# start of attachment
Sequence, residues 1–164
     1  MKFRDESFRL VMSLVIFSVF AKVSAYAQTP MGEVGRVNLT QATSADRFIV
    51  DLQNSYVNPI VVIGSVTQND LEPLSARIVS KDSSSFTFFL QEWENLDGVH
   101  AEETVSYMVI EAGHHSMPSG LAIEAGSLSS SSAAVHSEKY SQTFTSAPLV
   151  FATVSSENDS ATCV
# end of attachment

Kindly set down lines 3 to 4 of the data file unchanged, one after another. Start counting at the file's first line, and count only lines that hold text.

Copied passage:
    51  DLQNSYVNPI VVIGSVTQND LEPLSARIVS KDSSSFTFFL QEWENLDGVH
   101  AEETVSYMVI EAGHHSMPSG LAIEAGSLSS SSAAVHSEKY SQTFTSAPLV